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Let the forest grow on the hunting ground

Let the forest grow on the hunting ground

Queen Elizabeth owns more land than anyone else in Britain, and the property covers 323,748 hectares – the largest area, with nearly 650,000 football fields.

– There are large areas of land. The environmental conditions in these lands are not really so good, Chris Bacom tells the Guardian and takes the example of having over 20,000 hectares of temperate rainforest, now it is not important for hunting and deer hunting.

– This land is not being used for the benefit of all of us. Overall, the royal hectare has less forest than the national average.

Chris Baggum is a landscape photographer and researcher and presenter on British television. Along with students from 100 schools, he presented a collection of names signed by more than 100,000 Britons on Saturday.

The name collection proposes the Royal House to work actively before the climate conference Cop26 to improve environmental diversity and environmental conditions in the royal family property.

Names Collection The royal family is engaged in the task of recreating the natural beauty of their property.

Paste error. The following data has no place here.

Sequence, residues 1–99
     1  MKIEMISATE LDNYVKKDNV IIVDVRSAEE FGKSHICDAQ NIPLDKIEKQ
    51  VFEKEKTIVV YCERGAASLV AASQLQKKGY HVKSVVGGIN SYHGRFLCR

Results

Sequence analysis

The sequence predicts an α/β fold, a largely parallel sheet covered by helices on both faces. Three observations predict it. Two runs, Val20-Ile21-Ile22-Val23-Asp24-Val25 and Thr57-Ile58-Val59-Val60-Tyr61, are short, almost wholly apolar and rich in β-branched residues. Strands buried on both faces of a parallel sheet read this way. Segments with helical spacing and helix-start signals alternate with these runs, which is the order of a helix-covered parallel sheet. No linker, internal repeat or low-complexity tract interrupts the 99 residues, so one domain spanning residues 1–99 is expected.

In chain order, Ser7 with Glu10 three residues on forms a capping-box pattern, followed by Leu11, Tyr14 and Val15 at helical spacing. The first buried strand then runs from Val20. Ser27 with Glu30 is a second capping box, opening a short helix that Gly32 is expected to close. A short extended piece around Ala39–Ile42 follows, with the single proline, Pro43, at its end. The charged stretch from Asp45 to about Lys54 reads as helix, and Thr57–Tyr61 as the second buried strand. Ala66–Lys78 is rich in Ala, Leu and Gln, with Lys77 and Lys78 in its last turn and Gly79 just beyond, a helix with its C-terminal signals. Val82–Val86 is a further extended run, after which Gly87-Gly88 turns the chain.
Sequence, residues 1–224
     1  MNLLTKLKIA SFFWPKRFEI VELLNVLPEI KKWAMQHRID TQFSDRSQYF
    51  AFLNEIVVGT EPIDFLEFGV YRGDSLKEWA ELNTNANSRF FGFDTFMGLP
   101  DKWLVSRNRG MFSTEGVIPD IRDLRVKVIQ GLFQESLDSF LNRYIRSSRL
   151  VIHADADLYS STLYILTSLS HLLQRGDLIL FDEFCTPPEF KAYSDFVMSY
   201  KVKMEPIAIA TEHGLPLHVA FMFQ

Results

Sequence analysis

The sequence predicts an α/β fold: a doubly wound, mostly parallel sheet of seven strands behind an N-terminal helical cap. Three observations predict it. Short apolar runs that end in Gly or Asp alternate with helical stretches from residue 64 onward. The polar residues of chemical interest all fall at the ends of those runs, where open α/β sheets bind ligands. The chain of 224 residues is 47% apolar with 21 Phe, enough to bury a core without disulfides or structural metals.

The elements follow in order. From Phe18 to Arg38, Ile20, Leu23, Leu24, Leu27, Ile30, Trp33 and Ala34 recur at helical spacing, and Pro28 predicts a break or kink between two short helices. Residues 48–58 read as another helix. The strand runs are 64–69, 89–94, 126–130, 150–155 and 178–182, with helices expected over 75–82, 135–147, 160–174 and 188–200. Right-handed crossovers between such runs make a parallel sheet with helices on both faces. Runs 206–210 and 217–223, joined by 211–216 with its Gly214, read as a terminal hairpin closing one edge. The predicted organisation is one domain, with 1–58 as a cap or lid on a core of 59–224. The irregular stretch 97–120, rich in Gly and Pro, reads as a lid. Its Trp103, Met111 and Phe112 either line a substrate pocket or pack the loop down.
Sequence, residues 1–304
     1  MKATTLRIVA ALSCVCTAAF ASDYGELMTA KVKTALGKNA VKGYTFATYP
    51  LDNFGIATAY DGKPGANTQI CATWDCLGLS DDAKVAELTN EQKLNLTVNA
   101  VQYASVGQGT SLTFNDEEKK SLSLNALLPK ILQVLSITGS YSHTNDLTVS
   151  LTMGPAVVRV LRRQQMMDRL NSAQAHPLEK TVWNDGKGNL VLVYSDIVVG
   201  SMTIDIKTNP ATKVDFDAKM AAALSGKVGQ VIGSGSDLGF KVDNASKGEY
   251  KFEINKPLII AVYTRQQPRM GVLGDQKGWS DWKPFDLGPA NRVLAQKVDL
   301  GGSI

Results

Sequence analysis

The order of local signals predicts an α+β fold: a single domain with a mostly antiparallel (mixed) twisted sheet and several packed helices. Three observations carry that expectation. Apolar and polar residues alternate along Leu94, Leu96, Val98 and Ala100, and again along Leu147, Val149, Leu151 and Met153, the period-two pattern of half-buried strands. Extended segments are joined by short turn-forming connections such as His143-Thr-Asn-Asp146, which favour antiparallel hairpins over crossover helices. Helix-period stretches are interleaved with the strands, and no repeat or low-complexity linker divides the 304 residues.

Photo: VUK VALCIC / SOPA Images / SHUTTERSTOCK / VUK VALCIC / SOPA Images / Shutterstock Shutterstock

“Time for action”

According to the UN, allowing nature to return to previously restricted areas and take care of itself will increase biodiversity, carry carbon dioxide into the air and reduce the risk of flooding.

– This should be the final word. It’s time for action. We are in dire straits, and if the royal family accepts it before the climate summit, think about what clear message it has sent to the world, says Chris Backham.

read more: Researchers warn of “sixth mass extinction”
read more: Do not turn – really cut meat and milk
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